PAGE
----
Most weekday mornings, after a long stretch and a motivational inner monologue, I shuffle from my bedroom to my kitchen to make myself breakfast. Afterwards, I take a multivitamin and an iron supplement, I step out for a short jog, I shower, I hydrate. Lather, rinse, repeat.
My day-to-day is not glamorous — nobody writes songs about toothpaste, or screenplays about B vitamins — but I do these things because my parents taught me these are the things people do to stay physically healthy.
What I was never taught, however, was how to be responsible for my mental health. I don’t resent my upbringing for missing this critical lesson, but I do wonder why it was a chapter decidedly skipped over. Was it that no one wanted to talk about it, or just that no one knew how?
I can’t say mental health was never discussed, we spoke briefly of it in high school health class. I remember because I gave a presentation on schizophrenia and used “Unwell” by Matchbox Twenty as the background music. It seemed like a joke then, and has remained a punch line since.
The lack of serious conversation around the topic has left me navigating my mental fitness like a tourist from a rural town navigates New York City — walking the wrong way through busy crowds and asking strangers to hold my camera as I pose in a way that suggests this was exactly where I wanted to be anyway. And from what I can tell, this narrative is shared by many people my age.
I think because we are young, issues we encounter with mental health are often excused as evanescent, and therefore not something to be taken seriously. We’re made to feel trivial — like our mountains are molehills. No 20-something wants to be seen as trivial. We want to radiate capability, we want to be complimented on our handshakes and we don’t want to beg to be taken seriously. And I think this exchange leads a lot of college students to a “suck it up and rub some dirt in it” mentality.
Mental health advocacy groups are quick to condemn campuses as breeding grounds for mental illness, but while the objective is admirable, blaming university administration completely misses the mark. Universities aren’t apathetic to the needs of their students, and most campuses offer professional resources, Marquette included, with its Counseling Center and Center for Psychological Services.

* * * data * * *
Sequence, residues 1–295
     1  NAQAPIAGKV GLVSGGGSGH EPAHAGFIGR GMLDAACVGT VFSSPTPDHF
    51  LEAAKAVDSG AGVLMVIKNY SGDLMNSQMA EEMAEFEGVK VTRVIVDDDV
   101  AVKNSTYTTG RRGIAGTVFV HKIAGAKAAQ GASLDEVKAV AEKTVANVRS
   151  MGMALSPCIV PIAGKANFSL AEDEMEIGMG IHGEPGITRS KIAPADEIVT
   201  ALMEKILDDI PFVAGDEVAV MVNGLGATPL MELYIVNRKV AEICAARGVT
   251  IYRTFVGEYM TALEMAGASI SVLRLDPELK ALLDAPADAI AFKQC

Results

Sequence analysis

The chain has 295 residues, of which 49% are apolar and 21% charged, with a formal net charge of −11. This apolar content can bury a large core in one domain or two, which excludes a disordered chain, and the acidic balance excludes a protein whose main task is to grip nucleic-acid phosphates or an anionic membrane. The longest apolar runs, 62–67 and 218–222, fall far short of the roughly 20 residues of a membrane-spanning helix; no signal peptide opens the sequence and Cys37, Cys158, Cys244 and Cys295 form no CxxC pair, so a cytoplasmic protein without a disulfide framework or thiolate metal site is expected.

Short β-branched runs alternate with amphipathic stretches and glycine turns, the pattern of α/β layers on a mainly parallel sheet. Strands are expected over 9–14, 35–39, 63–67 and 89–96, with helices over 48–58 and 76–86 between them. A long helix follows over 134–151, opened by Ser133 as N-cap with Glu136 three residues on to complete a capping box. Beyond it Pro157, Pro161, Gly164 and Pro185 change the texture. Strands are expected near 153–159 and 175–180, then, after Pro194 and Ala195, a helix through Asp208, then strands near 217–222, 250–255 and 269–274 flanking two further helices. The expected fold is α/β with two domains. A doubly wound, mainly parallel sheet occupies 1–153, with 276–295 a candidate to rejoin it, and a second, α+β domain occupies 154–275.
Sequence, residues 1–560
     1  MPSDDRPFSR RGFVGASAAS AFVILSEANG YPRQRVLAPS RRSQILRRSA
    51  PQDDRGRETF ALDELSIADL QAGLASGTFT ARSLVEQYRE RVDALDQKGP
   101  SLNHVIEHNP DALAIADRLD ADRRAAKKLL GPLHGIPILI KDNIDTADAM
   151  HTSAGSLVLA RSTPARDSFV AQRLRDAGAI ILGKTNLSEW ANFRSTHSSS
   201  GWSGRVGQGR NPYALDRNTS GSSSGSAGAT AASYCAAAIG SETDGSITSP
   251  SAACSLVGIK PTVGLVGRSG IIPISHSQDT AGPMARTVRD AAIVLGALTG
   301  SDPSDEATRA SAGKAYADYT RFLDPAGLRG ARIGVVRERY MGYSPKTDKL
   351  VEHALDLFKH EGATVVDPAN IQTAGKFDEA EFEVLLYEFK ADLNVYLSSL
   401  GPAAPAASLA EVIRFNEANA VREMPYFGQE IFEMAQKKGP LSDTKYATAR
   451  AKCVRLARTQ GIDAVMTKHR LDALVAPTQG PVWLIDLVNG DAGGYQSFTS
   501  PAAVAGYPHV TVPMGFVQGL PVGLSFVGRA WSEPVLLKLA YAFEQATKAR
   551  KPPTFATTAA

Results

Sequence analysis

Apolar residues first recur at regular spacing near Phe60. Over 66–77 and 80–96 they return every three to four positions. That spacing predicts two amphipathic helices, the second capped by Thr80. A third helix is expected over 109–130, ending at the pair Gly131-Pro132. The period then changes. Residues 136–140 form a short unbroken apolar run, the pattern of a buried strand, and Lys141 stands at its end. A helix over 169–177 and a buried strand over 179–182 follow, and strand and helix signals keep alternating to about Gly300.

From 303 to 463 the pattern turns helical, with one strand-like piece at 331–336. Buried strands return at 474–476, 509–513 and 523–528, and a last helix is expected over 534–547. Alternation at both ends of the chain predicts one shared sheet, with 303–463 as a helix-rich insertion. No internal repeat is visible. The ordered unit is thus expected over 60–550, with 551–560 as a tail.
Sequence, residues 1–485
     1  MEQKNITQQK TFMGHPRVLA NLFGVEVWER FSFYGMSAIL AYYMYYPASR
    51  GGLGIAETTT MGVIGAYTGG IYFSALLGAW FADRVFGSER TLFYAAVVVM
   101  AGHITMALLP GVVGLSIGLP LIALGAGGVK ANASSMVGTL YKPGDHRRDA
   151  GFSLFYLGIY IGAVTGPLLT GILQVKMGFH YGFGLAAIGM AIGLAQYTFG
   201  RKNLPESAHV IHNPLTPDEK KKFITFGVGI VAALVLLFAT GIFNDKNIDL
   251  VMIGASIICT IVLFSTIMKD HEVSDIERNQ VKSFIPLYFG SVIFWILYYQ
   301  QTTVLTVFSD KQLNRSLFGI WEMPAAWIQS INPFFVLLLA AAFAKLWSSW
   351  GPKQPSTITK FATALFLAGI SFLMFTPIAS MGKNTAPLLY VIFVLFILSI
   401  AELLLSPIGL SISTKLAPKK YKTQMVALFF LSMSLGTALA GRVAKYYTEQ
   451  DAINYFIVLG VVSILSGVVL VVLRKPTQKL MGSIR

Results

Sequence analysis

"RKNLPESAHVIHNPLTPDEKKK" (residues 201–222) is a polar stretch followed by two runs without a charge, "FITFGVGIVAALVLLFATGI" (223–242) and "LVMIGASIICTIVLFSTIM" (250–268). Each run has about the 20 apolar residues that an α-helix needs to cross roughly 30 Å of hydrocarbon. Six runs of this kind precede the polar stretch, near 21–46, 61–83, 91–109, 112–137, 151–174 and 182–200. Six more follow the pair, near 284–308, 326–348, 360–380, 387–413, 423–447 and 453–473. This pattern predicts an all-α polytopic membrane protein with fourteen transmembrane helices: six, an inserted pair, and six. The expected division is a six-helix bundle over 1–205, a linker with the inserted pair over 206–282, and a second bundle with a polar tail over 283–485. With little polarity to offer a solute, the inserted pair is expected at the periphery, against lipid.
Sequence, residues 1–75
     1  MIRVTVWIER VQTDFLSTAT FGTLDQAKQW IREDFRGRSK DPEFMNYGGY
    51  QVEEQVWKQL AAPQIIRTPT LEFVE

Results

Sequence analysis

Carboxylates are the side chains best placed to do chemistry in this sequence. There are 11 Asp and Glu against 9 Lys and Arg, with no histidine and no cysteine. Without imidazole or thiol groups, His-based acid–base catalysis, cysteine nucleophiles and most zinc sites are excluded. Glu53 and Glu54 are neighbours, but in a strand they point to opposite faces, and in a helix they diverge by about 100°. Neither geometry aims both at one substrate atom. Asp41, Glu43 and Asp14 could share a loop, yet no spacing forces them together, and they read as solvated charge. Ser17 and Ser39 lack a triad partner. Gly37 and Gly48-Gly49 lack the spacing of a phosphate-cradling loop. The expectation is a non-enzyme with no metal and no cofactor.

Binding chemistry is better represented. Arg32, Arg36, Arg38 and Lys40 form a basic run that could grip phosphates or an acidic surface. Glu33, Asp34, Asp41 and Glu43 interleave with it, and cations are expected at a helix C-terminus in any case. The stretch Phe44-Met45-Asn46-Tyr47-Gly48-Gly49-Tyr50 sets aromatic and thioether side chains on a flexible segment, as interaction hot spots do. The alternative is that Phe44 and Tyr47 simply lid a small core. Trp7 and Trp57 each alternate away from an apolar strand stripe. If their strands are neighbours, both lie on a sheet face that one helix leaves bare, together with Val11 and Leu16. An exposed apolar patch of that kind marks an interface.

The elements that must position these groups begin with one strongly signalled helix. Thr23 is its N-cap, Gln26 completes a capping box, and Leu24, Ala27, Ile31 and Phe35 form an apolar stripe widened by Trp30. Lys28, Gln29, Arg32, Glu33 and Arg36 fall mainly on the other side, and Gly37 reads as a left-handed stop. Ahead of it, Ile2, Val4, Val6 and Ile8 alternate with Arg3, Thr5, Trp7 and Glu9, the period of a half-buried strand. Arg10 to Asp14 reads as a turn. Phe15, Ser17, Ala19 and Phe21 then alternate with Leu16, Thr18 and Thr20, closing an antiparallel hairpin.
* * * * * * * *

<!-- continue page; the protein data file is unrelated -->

Mental health is a personal obligation. The root of the issue isn’t a lack of resources or a lack of education, it’s a lack of encouragement. People are apprehensive about utilizing university resources for a litany of reasons, but a common thread is stigma. Mental illness has a way of becoming a person’s identity, and when we’re this young and still trying to learn what our identities are, we don’t want to tie ourselves down to such a pejorative one.
A 2012 study by the National Alliance on Mental Illness reported “Sixty-four percent of students who experience mental health problems in college and withdraw from school do so because of their mental health issues.” Of that 64, half never seek out university resources, though 70 percent of students surveyed would rate their campus resources as “good” or “excellent.”
Instead of condemning university administration, we need to encourage students to respect their needs and to give back to themselves. We need to alter the connotation of mental health. Students should feel encouraged to explore their options. Students must reach out and utilize a fantastic option the university offers, but also respect themselves enough to follow through. Simply, we need to make it easier for students to respect themselves.
Author Joan Didion says it best, “… to give us back to ourselves — there lies the great, the singular power of self-respect. Without it, one eventually discovers the final turn of the screw: one runs away to find oneself, and finds no one at home.”